Primary bone cancer is a rare but highly malignant tumour. It is a difficult cancer for healthcare professionals to identify and can commonly present in a similar manner to other conditions, such as arthritis or growing pains.
For this reason, symptoms are often dismissed and patients can be subjected to lengthy diagnostic delays that can have a negative impact on their prognosis. Being able to recognise primary bone cancer in its early stages and increase the awareness of this cancer amongst healthcare professionals is crucial to positively impact the survival outcomes of patients.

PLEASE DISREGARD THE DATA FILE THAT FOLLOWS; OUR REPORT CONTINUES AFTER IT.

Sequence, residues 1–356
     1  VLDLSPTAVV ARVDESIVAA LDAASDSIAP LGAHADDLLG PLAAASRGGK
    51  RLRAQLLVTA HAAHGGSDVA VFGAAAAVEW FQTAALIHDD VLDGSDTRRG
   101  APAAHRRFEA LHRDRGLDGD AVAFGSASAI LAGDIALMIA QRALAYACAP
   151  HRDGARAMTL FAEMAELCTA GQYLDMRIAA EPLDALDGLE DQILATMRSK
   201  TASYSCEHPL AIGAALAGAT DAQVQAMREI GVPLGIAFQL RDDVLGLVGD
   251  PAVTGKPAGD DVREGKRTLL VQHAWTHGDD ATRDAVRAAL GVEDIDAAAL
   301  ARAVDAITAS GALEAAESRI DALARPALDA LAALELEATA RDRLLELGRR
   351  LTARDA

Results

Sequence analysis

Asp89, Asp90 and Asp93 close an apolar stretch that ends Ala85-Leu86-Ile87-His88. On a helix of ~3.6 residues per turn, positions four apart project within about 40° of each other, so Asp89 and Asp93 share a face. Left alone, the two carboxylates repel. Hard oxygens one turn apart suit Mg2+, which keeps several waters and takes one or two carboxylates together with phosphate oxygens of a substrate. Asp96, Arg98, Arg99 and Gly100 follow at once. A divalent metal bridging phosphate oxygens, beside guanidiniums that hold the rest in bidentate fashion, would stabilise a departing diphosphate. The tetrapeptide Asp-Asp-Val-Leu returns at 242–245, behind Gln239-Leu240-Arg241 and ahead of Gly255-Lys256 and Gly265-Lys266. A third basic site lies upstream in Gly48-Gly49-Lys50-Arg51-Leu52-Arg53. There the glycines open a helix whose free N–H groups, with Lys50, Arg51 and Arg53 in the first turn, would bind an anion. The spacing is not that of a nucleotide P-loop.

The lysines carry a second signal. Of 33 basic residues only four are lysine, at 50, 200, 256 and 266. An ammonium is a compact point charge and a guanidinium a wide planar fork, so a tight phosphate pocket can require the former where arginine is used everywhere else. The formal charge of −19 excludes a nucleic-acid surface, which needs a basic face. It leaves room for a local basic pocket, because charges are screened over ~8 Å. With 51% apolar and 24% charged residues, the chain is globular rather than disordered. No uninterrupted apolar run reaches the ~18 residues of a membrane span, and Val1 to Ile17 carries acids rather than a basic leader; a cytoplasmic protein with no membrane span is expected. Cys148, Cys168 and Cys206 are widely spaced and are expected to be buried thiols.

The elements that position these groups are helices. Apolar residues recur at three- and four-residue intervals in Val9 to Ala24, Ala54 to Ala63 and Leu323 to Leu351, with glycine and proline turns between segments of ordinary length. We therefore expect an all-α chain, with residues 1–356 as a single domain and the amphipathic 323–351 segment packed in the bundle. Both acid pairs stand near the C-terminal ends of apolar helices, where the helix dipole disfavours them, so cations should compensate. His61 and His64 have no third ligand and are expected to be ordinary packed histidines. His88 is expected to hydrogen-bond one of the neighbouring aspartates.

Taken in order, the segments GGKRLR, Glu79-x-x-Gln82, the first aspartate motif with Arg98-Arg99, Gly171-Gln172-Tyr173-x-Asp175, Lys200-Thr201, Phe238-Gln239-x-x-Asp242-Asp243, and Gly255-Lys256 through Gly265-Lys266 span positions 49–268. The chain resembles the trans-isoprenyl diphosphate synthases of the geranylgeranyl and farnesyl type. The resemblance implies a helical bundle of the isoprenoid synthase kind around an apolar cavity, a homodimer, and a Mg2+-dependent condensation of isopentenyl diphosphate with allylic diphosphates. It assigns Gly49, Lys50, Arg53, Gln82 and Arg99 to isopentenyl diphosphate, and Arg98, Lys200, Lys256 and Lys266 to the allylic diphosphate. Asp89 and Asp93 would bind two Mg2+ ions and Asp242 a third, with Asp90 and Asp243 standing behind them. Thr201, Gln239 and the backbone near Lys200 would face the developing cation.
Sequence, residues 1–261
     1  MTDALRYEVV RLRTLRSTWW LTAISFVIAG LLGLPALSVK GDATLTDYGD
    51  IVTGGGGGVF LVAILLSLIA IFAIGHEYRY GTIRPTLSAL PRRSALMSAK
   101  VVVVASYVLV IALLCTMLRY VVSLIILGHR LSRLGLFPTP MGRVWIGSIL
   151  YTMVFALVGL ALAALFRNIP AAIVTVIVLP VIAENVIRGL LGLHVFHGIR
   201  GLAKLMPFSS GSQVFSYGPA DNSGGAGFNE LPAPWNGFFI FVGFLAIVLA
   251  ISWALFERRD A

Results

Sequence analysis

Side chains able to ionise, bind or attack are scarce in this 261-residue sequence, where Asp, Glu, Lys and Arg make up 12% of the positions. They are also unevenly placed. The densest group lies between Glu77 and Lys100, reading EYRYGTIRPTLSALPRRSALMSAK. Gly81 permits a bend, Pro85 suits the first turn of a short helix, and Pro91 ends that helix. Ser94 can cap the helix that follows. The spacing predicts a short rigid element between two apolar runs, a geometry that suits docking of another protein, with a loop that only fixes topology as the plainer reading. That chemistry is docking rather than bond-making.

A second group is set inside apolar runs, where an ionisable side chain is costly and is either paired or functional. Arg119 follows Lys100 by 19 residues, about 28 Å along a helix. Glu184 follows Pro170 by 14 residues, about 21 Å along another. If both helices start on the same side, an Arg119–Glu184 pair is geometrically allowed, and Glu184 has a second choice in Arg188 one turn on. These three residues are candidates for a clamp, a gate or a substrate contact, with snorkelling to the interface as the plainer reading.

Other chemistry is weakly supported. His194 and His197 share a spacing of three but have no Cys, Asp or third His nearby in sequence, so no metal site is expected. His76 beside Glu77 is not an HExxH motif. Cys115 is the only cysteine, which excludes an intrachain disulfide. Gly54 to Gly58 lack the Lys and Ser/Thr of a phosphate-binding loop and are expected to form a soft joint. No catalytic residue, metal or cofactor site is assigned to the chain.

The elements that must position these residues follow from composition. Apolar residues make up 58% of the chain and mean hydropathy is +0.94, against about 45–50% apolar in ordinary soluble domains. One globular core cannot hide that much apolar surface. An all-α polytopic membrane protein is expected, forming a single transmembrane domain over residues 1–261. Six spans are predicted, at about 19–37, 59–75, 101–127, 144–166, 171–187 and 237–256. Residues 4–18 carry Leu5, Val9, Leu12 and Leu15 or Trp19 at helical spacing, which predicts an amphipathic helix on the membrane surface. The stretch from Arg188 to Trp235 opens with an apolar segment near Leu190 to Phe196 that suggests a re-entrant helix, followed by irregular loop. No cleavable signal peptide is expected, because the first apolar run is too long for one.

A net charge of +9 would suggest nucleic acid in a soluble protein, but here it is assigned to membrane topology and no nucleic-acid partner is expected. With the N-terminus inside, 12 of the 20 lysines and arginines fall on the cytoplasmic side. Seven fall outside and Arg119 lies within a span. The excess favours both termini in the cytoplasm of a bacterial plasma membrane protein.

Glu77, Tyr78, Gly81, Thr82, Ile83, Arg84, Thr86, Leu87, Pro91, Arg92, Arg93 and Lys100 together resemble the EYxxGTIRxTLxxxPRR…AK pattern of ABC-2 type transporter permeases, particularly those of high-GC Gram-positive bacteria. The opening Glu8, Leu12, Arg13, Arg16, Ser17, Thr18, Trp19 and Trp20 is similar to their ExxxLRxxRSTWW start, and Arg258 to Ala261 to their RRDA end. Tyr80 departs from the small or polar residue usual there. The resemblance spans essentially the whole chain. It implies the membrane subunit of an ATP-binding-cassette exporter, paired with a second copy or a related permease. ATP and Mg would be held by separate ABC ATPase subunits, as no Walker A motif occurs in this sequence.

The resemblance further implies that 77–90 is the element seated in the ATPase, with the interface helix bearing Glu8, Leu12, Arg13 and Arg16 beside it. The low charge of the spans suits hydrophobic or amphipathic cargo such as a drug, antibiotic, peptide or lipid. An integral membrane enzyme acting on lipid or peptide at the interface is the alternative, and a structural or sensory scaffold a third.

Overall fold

To do so, the Bone Cancer Research Trust is supporting the training of junior doctors by funding week-long placements at a specialist sarcoma centre. As a result of this, it is hoped that more healthcare professionals will be aware of primary bone cancer, and its presentation, earlier on in the tumours progression to aid diagnosis and create a quicker route to treatment for patients.
Learn more about this project:
Hear from Mr Chandrasekar, the lead of this initiative, about why raising awareness of this form of cancer is so important by clicking here.
Read our interview with Dr Tom Oliver, one of the top-scoring junior doctors taking part in this project, on the experience he gained from the National Sarcoma Awareness Project by clicking here.